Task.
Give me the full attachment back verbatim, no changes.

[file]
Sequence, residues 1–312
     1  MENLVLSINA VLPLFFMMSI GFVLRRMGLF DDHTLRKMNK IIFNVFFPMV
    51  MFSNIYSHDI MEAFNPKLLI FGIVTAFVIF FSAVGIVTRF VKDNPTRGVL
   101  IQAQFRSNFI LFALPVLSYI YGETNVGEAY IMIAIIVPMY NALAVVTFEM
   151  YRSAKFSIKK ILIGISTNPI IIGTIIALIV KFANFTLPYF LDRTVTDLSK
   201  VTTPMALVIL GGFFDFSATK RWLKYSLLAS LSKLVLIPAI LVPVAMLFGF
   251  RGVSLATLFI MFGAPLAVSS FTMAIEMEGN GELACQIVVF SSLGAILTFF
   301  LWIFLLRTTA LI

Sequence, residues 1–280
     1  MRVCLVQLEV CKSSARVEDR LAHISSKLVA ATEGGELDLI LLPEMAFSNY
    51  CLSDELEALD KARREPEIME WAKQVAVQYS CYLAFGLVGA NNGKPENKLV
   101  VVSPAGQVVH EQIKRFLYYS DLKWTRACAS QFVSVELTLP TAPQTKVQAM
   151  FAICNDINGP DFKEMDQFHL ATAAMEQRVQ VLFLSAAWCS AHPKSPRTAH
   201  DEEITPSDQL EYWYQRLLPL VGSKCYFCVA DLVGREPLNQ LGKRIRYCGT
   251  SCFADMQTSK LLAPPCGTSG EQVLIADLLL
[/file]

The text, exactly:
Sequence, residues 1–312
     1  MENLVLSINA VLPLFFMMSI GFVLRRMGLF DDHTLRKMNK IIFNVFFPMV
    51  MFSNIYSHDI MEAFNPKLLI FGIVTAFVIF FSAVGIVTRF VKDNPTRGVL
   101  IQAQFRSNFI LFALPVLSYI YGETNVGEAY IMIAIIVPMY NALAVVTFEM
   151  YRSAKFSIKK ILIGISTNPI IIGTIIALIV KFANFTLPYF LDRTVTDLSK
   201  VTTPMALVIL GGFFDFSATK RWLKYSLLAS LSKLVLIPAI LVPVAMLFGF
   251  RGVSLATLFI MFGAPLAVSS FTMAIEMEGN GELACQIVVF SSLGAILTFF
   301  LWIFLLRTTA LI

Sequence, residues 1–280
     1  MRVCLVQLEV CKSSARVEDR LAHISSKLVA ATEGGELDLI LLPEMAFSNY
    51  CLSDELEALD KARREPEIME WAKQVAVQYS CYLAFGLVGA NNGKPENKLV
   101  VVSPAGQVVH EQIKRFLYYS DLKWTRACAS QFVSVELTLP TAPQTKVQAM
   151  FAICNDINGP DFKEMDQFHL ATAAMEQRVQ VLFLSAAWCS AHPKSPRTAH
   201  DEEITPSDQL EYWYQRLLPL VGSKCYFCVA DLVGREPLNQ LGKRIRYCGT
   251  SCFADMQTSK LLAPPCGTSG EQVLIADLLL